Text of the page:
These two fan mail covers to Miss Katherine Hepburn in the mid 1930s predate the interesting Australian  connection in the title of this paper by two decades.  The first cover is addressed to her at Radio Pictures Studio, 780 Gower Street, Hollywood, California and the blue 3d Aboriginal stamp is cancelled VICTORIA ESTATE/ 14 OC 34/ QUEENSLAND (Figure 1).

The second cover is addressed to her at R.K.O. Studios, Hollywood, California, United States, North America and the blue 3d KGV Jubillee stamp is cancelled WOOLOONGABBA/ 1130A 21 OC 35/ QUEENSLAND (Figure 2).

Star of stage and screen, and international icon, actress Katharine Houghton Hepburn was born on May 12, 1907 in Hartford, Connecticut to Dr. Thomas N. Hepburn, a distinguished urologist and surgeon, and Katharine (Kit) Martha Houghton, an advocate of women’s suffrage and birth control.  Hepburn’s parents devoted themselves to working for social causes in which they believed, as well as to raising their family.  Hepburn was the second of six children.  Known as “Kath” and “Kathy” as a child, Hepburn, was reputedly a determined tomboy.  She  was admitted to Bryn Mawr College, in 1925 and she performed in The Truth About Blayds by A.A. Milne, as well as in her senior year (1928) she played Pandora in The Woman in the Moone by John Lyly.

Around the time of her 1928 graduation, Hepburn was hired by Edwin H. Knopf for his stock company in Baltimore, where she played small parts in The Czarina and The Cradle Snatchers.   Hepburn began studying with acting teacher Frances Robinson-Duff.  Later that summer, Knopf’s company produced The Big Pond by George Middleton and A.E. Thomas in Great Neck, N.Y. and she was fired after only one performance.  She made her Broadway debut as a hostess under the name “Katherine  Burns” in Night Hostess by Philip Dunning, which opened at the Martin Beck Theatre on September 12, 1928.  On December 12th, Hepburn married Ludlow Ogden Smith, from whom she was divorced in 1934.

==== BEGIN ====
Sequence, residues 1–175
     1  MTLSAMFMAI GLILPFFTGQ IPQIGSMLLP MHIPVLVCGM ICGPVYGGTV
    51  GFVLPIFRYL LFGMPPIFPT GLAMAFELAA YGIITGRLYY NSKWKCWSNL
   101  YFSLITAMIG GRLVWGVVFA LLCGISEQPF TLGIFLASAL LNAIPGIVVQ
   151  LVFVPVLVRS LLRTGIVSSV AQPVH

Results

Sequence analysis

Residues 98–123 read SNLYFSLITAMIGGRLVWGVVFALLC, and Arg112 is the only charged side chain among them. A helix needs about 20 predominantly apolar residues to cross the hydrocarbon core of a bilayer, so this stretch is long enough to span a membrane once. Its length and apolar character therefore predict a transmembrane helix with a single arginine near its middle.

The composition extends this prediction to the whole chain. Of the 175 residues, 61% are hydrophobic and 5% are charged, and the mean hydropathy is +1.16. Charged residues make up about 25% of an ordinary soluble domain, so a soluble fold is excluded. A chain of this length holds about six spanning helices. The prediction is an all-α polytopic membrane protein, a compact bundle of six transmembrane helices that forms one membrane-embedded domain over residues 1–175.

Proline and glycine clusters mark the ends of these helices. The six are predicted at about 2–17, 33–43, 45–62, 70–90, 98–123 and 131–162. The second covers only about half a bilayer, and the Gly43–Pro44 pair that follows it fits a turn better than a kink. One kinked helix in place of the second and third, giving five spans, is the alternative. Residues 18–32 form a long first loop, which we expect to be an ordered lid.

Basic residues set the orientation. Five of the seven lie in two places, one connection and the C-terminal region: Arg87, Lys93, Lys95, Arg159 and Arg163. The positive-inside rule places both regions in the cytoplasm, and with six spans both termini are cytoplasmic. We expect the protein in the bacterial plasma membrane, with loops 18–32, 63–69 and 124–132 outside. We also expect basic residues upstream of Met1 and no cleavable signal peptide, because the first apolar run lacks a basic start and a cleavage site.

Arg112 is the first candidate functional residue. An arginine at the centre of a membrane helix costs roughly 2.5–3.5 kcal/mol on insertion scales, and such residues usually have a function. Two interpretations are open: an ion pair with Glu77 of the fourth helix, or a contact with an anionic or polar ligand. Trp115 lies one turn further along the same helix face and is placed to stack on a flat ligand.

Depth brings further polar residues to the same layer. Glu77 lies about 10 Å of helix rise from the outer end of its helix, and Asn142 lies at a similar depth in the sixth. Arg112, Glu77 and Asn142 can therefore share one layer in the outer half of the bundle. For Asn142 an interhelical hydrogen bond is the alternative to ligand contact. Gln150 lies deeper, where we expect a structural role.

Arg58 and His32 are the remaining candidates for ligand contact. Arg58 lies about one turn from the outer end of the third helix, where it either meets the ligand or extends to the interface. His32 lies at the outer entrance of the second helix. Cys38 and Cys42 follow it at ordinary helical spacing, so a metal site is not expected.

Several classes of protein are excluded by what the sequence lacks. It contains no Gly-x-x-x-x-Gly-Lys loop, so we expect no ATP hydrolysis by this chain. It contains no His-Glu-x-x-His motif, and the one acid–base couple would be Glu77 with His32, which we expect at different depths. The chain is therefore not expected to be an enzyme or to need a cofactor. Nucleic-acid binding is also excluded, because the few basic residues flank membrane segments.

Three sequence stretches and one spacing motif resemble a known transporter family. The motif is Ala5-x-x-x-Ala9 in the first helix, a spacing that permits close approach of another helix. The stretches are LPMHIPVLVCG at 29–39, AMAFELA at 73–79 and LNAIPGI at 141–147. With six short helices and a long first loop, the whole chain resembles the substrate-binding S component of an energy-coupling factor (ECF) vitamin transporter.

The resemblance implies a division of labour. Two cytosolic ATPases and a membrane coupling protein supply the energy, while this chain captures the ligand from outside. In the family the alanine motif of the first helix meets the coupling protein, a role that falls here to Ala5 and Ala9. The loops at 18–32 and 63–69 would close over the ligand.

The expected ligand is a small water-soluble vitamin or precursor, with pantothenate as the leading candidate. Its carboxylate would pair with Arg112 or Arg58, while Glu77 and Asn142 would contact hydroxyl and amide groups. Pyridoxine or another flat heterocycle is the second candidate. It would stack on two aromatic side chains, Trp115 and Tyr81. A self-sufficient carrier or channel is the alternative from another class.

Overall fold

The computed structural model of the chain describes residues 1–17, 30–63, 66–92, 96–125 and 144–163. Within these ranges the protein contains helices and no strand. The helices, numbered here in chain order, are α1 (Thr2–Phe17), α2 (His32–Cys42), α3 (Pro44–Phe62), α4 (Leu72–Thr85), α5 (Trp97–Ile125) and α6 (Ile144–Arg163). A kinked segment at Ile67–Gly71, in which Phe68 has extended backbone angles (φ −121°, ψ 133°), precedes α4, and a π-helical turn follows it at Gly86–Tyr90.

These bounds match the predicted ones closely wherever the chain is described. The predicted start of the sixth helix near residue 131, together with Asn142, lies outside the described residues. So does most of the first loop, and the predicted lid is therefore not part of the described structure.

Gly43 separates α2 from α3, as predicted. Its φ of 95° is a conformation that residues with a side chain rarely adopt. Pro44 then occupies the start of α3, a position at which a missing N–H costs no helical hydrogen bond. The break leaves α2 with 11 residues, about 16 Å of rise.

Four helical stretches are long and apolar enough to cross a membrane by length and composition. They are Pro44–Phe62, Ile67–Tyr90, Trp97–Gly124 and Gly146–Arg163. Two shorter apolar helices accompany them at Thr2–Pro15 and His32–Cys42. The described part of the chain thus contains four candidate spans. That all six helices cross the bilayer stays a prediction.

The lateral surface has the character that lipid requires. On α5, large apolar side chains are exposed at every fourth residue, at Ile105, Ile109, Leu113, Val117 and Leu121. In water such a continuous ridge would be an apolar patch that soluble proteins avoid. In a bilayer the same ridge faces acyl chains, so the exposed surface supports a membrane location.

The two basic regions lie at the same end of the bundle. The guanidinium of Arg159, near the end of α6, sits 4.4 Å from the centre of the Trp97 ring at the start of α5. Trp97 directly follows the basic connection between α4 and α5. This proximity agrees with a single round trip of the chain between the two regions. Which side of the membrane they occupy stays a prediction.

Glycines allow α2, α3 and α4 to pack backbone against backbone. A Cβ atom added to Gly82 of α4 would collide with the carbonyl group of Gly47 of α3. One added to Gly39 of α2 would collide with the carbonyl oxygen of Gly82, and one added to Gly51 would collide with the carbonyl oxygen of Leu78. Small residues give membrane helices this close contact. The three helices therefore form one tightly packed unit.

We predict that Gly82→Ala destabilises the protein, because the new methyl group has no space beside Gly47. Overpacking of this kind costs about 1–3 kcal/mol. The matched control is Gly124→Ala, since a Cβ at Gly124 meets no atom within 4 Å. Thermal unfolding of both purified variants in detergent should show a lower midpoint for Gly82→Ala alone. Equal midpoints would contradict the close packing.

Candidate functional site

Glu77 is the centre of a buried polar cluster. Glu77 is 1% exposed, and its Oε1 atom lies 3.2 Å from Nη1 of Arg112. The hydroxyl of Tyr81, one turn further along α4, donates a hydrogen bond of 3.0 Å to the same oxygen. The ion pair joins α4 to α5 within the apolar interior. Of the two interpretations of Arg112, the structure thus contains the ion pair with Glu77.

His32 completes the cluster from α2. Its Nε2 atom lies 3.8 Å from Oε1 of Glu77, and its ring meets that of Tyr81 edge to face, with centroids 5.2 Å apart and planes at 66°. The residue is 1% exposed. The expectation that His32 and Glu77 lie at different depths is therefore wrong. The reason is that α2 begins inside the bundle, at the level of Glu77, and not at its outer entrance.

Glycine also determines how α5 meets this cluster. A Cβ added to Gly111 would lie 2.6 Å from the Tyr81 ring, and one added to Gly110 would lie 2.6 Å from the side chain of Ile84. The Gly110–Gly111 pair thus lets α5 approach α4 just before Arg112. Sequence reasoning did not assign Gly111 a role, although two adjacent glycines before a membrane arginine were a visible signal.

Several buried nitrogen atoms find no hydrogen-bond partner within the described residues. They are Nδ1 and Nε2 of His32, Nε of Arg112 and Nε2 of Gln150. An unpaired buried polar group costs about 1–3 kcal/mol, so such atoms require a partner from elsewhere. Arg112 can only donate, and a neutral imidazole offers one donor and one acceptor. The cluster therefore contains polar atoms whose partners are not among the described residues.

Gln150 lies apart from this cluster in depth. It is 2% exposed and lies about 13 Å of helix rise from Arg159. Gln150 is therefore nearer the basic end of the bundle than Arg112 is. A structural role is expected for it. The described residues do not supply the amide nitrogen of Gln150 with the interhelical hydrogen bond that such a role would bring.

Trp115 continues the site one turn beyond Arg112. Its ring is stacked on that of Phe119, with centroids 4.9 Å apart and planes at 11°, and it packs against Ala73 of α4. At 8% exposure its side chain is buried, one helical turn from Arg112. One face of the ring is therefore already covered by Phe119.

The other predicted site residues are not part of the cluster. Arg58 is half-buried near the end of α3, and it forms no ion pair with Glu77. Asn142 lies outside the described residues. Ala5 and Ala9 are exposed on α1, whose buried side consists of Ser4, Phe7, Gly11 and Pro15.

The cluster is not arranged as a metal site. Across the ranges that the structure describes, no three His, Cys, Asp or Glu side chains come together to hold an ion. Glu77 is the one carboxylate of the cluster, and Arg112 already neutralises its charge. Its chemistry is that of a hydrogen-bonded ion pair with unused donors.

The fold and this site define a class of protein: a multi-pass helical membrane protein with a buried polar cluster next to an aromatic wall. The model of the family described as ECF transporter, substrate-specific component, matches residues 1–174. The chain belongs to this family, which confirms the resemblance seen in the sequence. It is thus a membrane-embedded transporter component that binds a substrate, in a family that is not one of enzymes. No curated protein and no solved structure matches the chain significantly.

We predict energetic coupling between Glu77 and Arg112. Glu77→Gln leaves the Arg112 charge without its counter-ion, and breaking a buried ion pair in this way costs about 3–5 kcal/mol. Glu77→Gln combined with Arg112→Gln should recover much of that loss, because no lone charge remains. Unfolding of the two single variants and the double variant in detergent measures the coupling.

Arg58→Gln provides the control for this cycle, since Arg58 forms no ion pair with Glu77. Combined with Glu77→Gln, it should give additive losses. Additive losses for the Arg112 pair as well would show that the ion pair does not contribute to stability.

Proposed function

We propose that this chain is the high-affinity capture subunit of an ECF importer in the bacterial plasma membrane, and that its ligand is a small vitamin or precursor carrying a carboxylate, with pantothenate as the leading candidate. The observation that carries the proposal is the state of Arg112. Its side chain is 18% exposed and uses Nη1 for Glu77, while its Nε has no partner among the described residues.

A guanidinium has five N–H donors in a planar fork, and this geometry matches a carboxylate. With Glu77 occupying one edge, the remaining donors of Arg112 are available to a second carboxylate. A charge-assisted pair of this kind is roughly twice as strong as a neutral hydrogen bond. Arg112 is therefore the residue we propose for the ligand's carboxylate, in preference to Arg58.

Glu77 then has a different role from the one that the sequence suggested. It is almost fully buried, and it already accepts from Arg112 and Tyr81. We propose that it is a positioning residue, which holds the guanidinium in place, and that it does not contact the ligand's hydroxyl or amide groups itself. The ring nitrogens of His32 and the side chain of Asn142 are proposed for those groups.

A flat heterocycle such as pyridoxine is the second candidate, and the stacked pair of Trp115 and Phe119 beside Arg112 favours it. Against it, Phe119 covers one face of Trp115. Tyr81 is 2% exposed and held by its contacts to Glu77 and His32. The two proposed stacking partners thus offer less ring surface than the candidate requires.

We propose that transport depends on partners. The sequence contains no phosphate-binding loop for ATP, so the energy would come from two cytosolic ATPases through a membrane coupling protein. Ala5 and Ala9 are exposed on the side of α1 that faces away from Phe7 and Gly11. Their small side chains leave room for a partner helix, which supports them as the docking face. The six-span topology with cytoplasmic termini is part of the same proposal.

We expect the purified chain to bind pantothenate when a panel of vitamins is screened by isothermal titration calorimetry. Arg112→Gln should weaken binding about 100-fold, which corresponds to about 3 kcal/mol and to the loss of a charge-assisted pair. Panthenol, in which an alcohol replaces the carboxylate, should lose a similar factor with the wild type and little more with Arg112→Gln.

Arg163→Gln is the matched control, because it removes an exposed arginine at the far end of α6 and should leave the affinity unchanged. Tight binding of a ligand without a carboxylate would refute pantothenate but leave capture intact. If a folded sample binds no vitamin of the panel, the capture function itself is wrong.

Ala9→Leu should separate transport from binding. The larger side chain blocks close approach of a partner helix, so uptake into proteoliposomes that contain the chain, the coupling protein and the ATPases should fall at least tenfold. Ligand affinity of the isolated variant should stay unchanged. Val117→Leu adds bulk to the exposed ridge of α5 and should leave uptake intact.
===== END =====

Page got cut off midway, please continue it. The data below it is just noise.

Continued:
Between 1929 and 1931, Hepburn toured and performed in several plays such as Death Takes a Holiday by Alberto Casella, Art and Mrs. Bottle by Benn Levy (1930), and The Animal Kingdom by Philip Barry (1931). She performed in summer stock in Stockbridge, Mass. in 1930 as well as in Ivoryton, Conn. in 1931.  Hepburn’s success as Antiope in The Warrior’s Husband by Julian F. Thompson, which opened Mar. 11, 1932 at the Morosco Theatre won her a screen test in Hollywood, leading her to her first role in A Bill of Divorcement and movie stardom. The film was directed by George Cukor, who became one of Hepburn’s closest friends.

After winning her first (of four) Academy Awards for Morning Glory (1933), Hepburn returned to the stage in the Jed Harris production of The Lake at the Martin Beck Theatre. The play was lambasted by the critics and Hepburn did not return to the stage until she toured in Helen Jerome’s adaptation of Jane Eyre by Charlotte Bronte in 1936-1937.  In 1939, The Philadelphia Story triumphantly reunited Hepburn with both Philip Barry and the Theatre Guild, and Shirley Booth, Joseph Cotten, and Van Heflin co-starred.  Hepburn next returned to the stage in another Philip Barry play, Without Love, which opened on Nov. 10, 1942 at the St. James Theatre and it co-starred Elliot Nugent. The 1942 film Woman of the Year also marked the beginning of Hepburn’s professional (and personal) partnership with Spencer Tracy.